This July marks 75 years since George Kennan introduced the idea of ​​“lockdown” which became the zero-sum organizing framework to frame the Soviet Union. “The lockdown was predicated on Washington remaining the dominant global economic power,” Gupta explains, “but China is a player whose economic size and material capabilities at the government’s disposal will surpass those of the United States.” “A strategy for dealing with the challenge posed by China must be based on realism and objectivity, not ideology and values,” Gupta argues.

Realism and objectivity begin with the fact that Chinese and American economic might, from which their political and military might derive, is built on economic interdependence. This interdependence is the source of prosperity and security. Unlike the Cold War, when the Soviet Union and the United States had no common interests or goals, except ultimately to avoid mutual self-destruction, China and the United States maintain a important and growing economic relationship that continues to bind them and the rest of the world. together. The management of this interdependence remains a powerful and shared interest.

Economic interdependence itself will not stop a war, but it does greatly increase the costs of conflict. The “trade peace” has put a damper on political relations in East Asia between China and Japan, for example, and across the Pacific.

China, the United States, and the global community also share a fundamental interest in decarbonizing their economies to avoid catastrophic climate change. The climate-related elements of the landmark Inflation Reduction Act signed by President Joe Biden this week are welcome news. But the law attempts to squeeze China out of the United States’ clean energy supply chains, which will make America’s energy transition much more expensive and difficult.

A politically fragile United States — distracted by big national challenges like entrenched inequality and strained democratic institutions — fails to pursue its other core interest of wrapping rising power in new rules, like the United Uni made it to the United States at Bretton Woods. The non-binding Indo-Pacific economic framework that excludes China and relies on a White House executive order is a very poor substitute for leadership in multilateral rulemaking backed by broad domestic political buy-in.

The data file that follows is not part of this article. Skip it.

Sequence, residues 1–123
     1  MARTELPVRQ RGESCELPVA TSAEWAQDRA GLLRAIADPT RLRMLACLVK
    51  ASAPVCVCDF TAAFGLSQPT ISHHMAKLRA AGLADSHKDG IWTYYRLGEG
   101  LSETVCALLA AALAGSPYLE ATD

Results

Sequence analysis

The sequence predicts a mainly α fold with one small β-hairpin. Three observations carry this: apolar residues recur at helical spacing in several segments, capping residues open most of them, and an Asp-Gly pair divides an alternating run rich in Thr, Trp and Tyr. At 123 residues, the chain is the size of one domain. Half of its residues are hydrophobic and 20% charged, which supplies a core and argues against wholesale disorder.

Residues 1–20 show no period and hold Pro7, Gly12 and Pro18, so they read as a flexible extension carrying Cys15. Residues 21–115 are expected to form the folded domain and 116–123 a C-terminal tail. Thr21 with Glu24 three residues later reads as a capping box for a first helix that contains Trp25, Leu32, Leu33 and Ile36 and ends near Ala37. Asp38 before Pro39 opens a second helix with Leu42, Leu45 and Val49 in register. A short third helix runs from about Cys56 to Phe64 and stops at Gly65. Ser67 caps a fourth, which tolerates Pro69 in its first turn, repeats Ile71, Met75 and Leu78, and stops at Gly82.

The rest of the world has an even greater interest in securing multilateral rules to protect against the whims of Washington and Beijing, both of which have shown a willingness to leverage their economic power for political gain.

If the Australian or Japanese governments pursue market-distorting actions to diversify trade and supply chains away from China, it will make them poorer and less secure. Almost all of Australia’s and Japan’s neighbors have China as their main economic partner. China continues to demonstrate that it has a stake in the existing system, for example by joining the WTO’s interim dispute settlement substitute, the MPIA, to enforce trade rules.

Australia and China have ambitions to diversify their economic relationship from each other as Beijing seeks to secure long-term iron ore supplies in West Africa. Deepening economic engagement brings prosperity and a peace dividend, although a breakdown in trust and loss of confidence in multilateral rules means that risks will eventually dominate.

China too is in search of economic and political security. His insecurities are stoked by his domestic challenges and the West’s misguided containment efforts. China’s economic security in a multilateral economic system is always a major guarantor of economic and political security for the rest of the world.

The EAF Editorial Board is located at the Crawford School of Public Policy, College of Asia and the Pacific, The Australian National University.